Friday, April 27, 2001

Some oppose move by hospital

Facility headed east of I-75

By Cindi Andrews
The Cincinnati Enquirer

        MIDDLETOWN — It looks as if Middletown Regional Hospital is going the way of the rest of the city — east — and longtime residents are not one bit happy about it.

        “I like it where it is,” said the Rev. Elmon W. Prier, 54, associate minister at United Missionary Baptist Church. “It's convenient for all Middletown citizens.”

        Middletown Regional is expected to move east of Interstate 75 to Union and Greentree roads in Warren County, city and Warren officials say. A decision could be announced as soon as today.

        After 83 years on McKnight Drive, a central, residential neighborhood, the hospital has outgrown its 26-acre site, leaders say.

        Frank Latimer disagrees.

        “I think it could stay where it is,” the 76-year-old Armco Steel retiree said. “I don't think it has to move. ... When you visit the hospital, you see empty rooms.”

        Middletown Regional is just the latest in a long line of city businesses to head east. Downtown bustled with shops in the 1940s and '50s, old-timers say, but has been on the decline since Towne Mall was built at Ohio 122 and I-75 in the 1970s.

        City Development Director Neal Barille takes an even longer view of the city's direction: “Middletown was started on the Great Miami River 200 years ago, and over that 200-year period since, Middletown has constantly grown to the east.”

        That's because transportation arteries — first the Miami-Erie Canal, then the railroad and finally the interstate — have always been east of the city, Mr. Barille said.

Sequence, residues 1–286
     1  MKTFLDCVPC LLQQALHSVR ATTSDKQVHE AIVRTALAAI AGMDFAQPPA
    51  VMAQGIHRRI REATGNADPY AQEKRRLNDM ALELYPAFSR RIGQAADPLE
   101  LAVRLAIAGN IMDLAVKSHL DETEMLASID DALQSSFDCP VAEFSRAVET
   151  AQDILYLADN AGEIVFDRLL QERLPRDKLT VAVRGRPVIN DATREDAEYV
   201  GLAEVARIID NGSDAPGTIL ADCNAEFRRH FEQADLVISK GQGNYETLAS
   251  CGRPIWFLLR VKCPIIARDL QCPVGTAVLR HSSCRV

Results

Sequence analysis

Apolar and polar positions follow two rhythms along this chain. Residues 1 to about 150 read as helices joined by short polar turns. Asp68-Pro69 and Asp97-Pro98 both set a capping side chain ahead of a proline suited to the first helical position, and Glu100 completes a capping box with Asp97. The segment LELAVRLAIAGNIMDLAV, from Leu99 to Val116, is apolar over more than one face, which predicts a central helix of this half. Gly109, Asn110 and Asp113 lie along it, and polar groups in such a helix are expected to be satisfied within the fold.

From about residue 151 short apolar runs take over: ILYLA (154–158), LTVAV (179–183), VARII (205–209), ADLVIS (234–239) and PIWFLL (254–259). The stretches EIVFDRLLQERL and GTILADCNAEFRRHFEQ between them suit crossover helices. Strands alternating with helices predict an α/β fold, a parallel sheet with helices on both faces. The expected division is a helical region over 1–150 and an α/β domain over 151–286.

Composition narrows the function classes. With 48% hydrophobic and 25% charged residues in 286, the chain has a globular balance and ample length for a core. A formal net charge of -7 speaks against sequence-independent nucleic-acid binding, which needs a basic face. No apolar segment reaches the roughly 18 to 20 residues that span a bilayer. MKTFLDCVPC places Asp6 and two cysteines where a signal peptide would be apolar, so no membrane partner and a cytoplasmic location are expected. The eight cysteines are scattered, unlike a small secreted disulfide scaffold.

“It's true of most towns across the country that they tend to grow toward transportation,” he said.

        But some Middletown residents see the move more in terms of the hospital getting closer to rich newcomers in Butler and Warren counties.

        “It's probably for economic reasons, because of the growth in West Chester and such, although it looks like we're going to suffer because of it,” said Mr. Latimer, who lives on the west side.

        Now, Warren County residents have to wade through Towne Mall-area traffic to get to the hospital, whereas the proposed site would force Mr. Latimer and his neighbors to deal with the traffic, he said.

        At the least, residents say, Middletown Regional should keep a satellite emergency department on McKnight.

        “For people our age, you might have to go out to the emergency room most any time,” Mr. Latimer said.


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